It's that season when one-on-one meetings between almost-official candidates and prominent members of the I-have-no-intention-to-run camp make headlines. In this case, the New York Times reports that Hillary Clinton met privately with Elizabeth Warren in December in what was described as a "cordial and productive" get-together. The Times sees it as an acknowledgement that Warren's clout in the Senate is impossible for Clinton to ignore. For Warren, the meeting in Clinton's home was a chance to push her populist agenda; for Clinton, it was a sign that "she is aware of how much the debate over economic issues has shifted even during the relatively short time she was away from domestic politics while serving as secretary of state."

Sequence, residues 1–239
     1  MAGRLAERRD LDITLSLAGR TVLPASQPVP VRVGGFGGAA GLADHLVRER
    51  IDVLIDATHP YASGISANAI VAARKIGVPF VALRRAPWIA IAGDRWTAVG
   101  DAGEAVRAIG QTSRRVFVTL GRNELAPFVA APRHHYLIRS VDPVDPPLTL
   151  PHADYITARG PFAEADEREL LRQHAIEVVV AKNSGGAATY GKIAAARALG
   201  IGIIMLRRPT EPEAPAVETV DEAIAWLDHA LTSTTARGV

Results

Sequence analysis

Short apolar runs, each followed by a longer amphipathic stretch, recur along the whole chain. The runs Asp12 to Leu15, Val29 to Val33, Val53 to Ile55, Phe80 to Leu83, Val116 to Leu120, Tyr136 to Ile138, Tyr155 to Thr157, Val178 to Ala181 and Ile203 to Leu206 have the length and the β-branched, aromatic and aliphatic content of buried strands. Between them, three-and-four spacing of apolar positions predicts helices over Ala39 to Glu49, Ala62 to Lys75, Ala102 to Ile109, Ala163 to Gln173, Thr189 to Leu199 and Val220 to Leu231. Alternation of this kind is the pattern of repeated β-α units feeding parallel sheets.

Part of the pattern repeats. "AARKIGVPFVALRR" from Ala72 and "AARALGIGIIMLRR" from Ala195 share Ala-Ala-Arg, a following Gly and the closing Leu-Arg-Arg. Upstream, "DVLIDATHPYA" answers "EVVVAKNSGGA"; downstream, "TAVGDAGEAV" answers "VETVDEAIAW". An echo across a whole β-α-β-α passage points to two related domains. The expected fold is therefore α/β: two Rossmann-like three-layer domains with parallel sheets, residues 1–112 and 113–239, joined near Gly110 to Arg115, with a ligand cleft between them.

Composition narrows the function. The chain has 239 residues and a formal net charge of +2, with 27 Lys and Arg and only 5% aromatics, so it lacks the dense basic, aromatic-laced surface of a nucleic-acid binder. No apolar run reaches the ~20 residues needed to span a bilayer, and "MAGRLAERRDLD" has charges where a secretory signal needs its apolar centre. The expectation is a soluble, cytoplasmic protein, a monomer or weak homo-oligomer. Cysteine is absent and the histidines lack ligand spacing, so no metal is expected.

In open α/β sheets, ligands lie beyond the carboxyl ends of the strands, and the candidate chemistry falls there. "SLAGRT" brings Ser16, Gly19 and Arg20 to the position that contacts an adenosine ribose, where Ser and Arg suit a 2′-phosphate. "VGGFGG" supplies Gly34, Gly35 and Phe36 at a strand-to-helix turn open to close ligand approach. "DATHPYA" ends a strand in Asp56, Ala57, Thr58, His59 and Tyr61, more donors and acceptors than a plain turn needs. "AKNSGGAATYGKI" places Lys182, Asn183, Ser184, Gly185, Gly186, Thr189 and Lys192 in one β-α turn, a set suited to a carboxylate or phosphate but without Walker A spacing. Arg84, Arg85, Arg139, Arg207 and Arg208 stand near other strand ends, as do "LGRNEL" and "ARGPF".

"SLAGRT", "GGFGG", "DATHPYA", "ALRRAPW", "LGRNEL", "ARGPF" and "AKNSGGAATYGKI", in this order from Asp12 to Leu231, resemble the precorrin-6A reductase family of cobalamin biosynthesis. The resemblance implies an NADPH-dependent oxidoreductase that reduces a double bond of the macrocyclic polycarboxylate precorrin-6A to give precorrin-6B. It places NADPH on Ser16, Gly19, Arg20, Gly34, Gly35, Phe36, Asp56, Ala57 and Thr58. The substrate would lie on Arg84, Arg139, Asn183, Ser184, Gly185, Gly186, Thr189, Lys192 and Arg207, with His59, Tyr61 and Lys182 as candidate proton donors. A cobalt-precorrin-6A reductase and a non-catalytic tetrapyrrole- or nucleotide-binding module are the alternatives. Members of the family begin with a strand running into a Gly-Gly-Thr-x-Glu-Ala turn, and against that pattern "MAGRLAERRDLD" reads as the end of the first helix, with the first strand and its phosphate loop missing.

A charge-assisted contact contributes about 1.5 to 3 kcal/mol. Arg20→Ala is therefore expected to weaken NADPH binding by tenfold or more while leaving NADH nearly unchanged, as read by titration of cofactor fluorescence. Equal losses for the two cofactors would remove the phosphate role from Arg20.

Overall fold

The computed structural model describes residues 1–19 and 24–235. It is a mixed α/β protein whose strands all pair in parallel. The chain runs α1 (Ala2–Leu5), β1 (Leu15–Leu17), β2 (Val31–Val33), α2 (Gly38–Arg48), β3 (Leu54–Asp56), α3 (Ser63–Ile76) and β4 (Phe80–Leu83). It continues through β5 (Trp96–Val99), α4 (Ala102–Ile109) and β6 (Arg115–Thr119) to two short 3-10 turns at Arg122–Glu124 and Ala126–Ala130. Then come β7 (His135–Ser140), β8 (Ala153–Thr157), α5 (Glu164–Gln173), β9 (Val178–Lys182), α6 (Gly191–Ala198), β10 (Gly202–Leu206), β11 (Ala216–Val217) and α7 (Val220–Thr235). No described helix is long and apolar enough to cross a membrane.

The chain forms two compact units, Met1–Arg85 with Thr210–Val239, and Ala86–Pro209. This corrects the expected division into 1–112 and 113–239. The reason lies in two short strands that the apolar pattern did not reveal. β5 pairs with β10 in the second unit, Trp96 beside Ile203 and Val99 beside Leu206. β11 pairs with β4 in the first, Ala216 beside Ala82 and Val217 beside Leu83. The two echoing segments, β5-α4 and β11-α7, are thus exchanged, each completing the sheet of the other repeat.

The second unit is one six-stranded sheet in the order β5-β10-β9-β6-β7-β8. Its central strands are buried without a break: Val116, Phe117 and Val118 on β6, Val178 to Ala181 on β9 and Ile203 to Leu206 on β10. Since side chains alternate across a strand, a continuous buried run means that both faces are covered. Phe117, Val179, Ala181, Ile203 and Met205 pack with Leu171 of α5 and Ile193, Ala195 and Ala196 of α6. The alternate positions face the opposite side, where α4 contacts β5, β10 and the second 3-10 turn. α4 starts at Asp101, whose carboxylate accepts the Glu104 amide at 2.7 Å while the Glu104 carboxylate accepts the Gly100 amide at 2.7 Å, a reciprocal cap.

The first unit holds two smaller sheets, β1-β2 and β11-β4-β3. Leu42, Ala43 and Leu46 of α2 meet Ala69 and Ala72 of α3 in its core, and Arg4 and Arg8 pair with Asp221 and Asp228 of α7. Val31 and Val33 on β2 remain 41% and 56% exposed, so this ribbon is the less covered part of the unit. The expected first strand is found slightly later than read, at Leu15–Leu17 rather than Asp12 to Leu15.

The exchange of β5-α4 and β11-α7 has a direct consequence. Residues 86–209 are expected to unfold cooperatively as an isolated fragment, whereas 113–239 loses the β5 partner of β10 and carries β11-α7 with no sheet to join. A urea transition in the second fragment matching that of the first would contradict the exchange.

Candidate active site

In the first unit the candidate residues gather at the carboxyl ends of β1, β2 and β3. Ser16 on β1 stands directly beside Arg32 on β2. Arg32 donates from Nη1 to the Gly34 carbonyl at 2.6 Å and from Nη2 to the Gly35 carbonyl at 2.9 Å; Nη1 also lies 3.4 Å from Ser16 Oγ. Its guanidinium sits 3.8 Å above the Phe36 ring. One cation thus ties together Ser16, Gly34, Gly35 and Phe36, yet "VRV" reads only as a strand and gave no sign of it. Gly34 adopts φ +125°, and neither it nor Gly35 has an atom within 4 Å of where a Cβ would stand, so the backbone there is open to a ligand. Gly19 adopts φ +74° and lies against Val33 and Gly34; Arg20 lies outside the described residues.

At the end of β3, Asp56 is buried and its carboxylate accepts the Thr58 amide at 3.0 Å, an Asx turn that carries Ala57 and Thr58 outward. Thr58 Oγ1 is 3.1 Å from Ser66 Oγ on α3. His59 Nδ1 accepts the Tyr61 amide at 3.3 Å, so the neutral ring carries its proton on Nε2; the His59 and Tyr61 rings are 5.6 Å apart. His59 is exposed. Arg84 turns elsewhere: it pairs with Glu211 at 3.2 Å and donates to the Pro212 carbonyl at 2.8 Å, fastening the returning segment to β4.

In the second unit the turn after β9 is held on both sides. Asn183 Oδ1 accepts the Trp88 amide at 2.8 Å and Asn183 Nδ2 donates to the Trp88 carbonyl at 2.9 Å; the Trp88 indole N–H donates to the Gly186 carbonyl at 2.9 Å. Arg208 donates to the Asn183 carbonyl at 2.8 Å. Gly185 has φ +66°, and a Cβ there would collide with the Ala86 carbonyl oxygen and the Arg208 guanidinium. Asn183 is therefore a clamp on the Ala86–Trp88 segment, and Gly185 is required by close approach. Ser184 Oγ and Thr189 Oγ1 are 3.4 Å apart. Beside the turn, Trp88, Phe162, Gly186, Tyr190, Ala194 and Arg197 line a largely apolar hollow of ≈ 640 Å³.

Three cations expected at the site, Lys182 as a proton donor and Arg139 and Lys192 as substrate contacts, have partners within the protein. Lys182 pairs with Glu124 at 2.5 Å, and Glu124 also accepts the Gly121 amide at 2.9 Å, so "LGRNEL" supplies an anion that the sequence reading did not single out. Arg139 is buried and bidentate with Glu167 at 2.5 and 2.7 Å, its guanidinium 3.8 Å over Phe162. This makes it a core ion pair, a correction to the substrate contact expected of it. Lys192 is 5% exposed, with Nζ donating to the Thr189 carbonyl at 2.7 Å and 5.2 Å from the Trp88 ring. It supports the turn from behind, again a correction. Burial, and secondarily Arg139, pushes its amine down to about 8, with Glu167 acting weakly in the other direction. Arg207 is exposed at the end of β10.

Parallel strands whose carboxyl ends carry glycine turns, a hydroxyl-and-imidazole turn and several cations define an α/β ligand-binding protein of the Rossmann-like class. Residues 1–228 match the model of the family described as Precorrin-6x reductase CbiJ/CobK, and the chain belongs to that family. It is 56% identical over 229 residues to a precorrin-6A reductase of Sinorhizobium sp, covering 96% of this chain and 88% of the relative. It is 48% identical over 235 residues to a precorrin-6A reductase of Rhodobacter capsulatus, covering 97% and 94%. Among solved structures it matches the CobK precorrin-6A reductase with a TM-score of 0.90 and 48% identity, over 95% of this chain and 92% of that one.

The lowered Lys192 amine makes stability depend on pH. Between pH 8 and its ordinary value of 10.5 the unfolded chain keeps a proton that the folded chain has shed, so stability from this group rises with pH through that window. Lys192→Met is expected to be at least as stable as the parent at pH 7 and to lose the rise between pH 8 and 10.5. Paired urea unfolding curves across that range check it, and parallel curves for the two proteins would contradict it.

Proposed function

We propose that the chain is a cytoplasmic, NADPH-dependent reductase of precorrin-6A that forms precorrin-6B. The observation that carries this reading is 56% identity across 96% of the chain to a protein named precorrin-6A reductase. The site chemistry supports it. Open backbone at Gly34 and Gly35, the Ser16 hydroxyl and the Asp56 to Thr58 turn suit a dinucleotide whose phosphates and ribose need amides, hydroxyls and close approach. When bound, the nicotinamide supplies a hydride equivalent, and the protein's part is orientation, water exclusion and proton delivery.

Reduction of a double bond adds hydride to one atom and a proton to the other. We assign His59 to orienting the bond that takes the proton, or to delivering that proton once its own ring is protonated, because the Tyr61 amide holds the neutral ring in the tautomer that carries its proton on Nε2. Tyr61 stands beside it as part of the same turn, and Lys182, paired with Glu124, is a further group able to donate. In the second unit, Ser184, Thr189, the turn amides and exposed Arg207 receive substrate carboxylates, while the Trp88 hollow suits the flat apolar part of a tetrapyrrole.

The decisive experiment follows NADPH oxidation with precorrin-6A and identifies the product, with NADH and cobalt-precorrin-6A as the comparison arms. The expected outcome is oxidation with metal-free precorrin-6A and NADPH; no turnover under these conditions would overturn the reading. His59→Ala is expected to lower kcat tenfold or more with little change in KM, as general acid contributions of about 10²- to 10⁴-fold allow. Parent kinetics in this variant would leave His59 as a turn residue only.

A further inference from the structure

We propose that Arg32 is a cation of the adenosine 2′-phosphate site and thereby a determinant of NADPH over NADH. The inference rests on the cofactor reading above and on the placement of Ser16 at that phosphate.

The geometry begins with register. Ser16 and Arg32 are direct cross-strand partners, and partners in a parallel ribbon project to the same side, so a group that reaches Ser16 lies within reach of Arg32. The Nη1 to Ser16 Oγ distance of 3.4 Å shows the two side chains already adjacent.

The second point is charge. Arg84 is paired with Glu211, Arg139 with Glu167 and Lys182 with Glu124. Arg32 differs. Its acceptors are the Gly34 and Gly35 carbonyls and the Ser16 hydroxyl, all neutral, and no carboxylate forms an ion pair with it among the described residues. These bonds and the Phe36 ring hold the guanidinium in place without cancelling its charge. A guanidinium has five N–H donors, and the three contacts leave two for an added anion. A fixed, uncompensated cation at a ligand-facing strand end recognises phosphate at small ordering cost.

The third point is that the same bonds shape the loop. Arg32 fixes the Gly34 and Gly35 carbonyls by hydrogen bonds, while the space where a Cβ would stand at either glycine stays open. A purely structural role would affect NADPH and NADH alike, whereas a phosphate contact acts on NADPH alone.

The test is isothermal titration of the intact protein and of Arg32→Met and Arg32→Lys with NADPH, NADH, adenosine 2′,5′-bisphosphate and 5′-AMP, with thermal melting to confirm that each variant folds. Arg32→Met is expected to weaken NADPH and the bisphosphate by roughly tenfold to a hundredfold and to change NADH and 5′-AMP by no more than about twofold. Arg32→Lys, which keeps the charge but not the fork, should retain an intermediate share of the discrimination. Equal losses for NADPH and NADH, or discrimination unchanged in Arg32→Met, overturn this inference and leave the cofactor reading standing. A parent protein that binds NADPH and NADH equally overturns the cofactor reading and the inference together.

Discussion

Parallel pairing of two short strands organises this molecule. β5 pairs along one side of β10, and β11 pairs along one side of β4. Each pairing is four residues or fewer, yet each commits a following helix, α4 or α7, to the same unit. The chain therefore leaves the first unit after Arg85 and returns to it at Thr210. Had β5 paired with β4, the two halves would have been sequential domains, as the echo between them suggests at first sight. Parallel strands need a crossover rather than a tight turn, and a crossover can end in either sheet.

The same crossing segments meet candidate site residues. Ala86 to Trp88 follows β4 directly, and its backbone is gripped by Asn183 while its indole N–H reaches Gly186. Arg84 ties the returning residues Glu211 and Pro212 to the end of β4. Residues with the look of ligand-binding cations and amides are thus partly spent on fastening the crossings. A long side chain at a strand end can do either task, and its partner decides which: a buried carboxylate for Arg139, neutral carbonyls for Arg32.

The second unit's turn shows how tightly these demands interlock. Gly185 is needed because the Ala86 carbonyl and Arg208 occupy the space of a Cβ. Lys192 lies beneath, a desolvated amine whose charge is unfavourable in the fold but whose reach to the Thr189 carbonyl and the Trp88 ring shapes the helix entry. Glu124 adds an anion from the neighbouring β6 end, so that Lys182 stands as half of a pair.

While Warren has been consistent in saying she has no plans to run, an opinion piece by Matthew Yglesias at Vox makes the case that Clinton would be better off if Warren—or Joe Biden, or any serious candidate—does so. "Not because there's anything wrong with Clinton as a nominee per se," he writes. "But because there's a lot wrong with a non-existent primary campaign and an untested candidate." Otherwise, Democrats will end up with a nominee who's not in fighting shape when the general election rolls around. Elsewhere, an assessment at the National Journal says that while conventional wisdom in Washington has Clinton as the favorite to win the White House—thanks in part to the improving economy—academic modeling outside DC suggests the opposite. (Read more Hillary Clinton stories.)